"We're raising a whole generation of criminals we can't touch"
The highways and byways of the juvenile justice system get a long hard look in this Kojak episode. That title quote is from Telly Savalas who has to deal with a juvenile hit-man. This may have been one of the first television stories to deal with the phenomenon of a kid going to work for gangsters and making hits because he's under age and the juvenile justice system can only go so far.
I'm surprised that the District Attorney did not step in and try young Barry Miller as an adult. Miller commits two murders during the course of this story, one accidental, the other on purpose. He's working for Jack Ging who is an underboss of one of the local numbers rackets. His group is having a turf war with Al Ruscio's rival crew.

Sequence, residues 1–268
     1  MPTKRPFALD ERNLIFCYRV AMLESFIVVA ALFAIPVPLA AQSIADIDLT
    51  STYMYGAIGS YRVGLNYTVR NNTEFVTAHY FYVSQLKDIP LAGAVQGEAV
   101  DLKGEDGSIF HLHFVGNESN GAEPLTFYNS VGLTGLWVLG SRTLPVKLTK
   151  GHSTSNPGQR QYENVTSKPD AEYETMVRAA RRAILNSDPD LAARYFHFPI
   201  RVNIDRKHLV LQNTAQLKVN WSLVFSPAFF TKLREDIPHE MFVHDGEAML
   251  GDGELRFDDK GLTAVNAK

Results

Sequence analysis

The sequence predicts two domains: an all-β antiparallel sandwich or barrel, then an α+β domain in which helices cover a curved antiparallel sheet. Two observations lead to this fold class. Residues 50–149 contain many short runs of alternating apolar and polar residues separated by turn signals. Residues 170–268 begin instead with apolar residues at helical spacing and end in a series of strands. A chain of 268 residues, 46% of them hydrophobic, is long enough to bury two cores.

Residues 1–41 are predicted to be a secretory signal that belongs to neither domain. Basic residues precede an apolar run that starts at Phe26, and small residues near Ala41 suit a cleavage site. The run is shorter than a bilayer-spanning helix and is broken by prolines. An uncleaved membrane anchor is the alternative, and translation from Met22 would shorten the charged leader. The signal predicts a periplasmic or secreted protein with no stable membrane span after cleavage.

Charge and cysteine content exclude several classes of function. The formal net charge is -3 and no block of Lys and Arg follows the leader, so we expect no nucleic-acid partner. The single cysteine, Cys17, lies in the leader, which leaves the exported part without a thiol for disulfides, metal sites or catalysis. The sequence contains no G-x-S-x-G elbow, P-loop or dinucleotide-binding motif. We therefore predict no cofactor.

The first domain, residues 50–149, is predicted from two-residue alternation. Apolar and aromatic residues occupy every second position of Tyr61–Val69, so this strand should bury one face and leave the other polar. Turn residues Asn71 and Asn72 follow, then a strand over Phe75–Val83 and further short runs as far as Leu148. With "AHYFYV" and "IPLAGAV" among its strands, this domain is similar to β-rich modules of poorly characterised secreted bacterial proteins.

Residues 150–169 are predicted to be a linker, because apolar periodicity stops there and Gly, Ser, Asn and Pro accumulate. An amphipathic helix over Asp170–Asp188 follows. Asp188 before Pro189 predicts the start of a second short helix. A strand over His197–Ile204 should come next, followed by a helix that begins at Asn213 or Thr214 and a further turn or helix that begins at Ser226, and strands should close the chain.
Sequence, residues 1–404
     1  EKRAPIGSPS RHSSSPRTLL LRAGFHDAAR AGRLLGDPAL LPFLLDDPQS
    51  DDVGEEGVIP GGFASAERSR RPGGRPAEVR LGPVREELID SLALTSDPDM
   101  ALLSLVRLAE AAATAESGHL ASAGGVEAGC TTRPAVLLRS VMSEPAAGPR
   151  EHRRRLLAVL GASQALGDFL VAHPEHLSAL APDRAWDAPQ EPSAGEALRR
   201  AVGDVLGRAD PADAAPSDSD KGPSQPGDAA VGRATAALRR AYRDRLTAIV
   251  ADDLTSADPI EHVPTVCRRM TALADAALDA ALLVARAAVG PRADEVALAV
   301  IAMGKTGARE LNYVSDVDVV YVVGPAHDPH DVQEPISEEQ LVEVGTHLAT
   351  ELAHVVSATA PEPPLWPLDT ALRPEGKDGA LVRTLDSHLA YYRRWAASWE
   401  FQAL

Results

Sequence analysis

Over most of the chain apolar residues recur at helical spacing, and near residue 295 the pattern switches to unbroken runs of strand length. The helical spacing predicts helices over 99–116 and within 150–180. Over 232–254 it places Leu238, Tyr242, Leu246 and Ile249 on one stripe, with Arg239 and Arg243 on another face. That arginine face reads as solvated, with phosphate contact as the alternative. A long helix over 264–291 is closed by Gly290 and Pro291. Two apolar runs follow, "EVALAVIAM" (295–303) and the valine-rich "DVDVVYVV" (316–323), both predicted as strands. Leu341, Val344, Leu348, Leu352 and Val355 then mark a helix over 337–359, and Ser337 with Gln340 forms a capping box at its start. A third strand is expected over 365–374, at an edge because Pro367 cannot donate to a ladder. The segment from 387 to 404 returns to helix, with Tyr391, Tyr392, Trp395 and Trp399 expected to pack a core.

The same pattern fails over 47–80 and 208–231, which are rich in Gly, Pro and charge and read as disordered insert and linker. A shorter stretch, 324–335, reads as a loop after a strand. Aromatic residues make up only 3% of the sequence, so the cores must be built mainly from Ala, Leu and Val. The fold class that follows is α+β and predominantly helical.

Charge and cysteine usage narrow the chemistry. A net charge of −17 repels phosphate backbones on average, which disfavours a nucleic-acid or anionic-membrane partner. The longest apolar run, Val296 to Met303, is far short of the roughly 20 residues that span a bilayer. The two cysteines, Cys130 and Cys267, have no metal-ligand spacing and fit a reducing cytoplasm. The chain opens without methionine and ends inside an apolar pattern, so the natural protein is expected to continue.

In the meantime Miller's hardworking parents, they own a luncheonette are at a loss as to how to deal with him. Theo Kojak and the Manhattan South Squad have no real answers either. Susan Adams has a brief role as a sergeant in the juvenile division and she seems more interested in protecting her turf than in arresting potential criminals. She's some piece of work.
In the end this hardened hit-man shows he's really a kid after all. This is a good episode from Kojak.
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